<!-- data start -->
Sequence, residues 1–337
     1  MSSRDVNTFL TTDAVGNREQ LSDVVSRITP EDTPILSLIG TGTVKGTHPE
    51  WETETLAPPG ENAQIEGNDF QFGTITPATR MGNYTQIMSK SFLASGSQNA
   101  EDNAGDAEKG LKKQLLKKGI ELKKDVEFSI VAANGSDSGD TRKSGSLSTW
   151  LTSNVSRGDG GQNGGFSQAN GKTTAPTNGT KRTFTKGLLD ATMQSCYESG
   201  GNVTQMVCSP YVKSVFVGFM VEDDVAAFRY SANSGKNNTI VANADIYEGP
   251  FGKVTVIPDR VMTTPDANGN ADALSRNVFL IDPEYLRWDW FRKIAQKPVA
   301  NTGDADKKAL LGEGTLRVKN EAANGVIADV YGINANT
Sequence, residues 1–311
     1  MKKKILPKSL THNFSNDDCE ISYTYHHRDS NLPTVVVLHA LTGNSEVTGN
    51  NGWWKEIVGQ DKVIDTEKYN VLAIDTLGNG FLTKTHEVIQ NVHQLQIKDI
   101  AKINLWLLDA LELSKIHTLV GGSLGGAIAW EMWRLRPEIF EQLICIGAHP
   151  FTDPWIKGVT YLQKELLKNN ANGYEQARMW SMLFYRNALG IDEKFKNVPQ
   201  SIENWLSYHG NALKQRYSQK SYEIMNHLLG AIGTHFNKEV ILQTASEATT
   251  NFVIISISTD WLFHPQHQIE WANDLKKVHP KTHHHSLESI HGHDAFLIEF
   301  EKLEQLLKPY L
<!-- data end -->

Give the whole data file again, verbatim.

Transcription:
Sequence, residues 1–337
     1  MSSRDVNTFL TTDAVGNREQ LSDVVSRITP EDTPILSLIG TGTVKGTHPE
    51  WETETLAPPG ENAQIEGNDF QFGTITPATR MGNYTQIMSK SFLASGSQNA
   101  EDNAGDAEKG LKKQLLKKGI ELKKDVEFSI VAANGSDSGD TRKSGSLSTW
   151  LTSNVSRGDG GQNGGFSQAN GKTTAPTNGT KRTFTKGLLD ATMQSCYESG
   201  GNVTQMVCSP YVKSVFVGFM VEDDVAAFRY SANSGKNNTI VANADIYEGP
   251  FGKVTVIPDR VMTTPDANGN ADALSRNVFL IDPEYLRWDW FRKIAQKPVA
   301  NTGDADKKAL LGEGTLRVKN EAANGVIADV YGINANT
Sequence, residues 1–311
     1  MKKKILPKSL THNFSNDDCE ISYTYHHRDS NLPTVVVLHA LTGNSEVTGN
    51  NGWWKEIVGQ DKVIDTEKYN VLAIDTLGNG FLTKTHEVIQ NVHQLQIKDI
   101  AKINLWLLDA LELSKIHTLV GGSLGGAIAW EMWRLRPEIF EQLICIGAHP
   151  FTDPWIKGVT YLQKELLKNN ANGYEQARMW SMLFYRNALG IDEKFKNVPQ
   201  SIENWLSYHG NALKQRYSQK SYEIMNHLLG AIGTHFNKEV ILQTASEATT
   251  NFVIISISTD WLFHPQHQIE WANDLKKVHP KTHHHSLESI HGHDAFLIEF
   301  EKLEQLLKPY L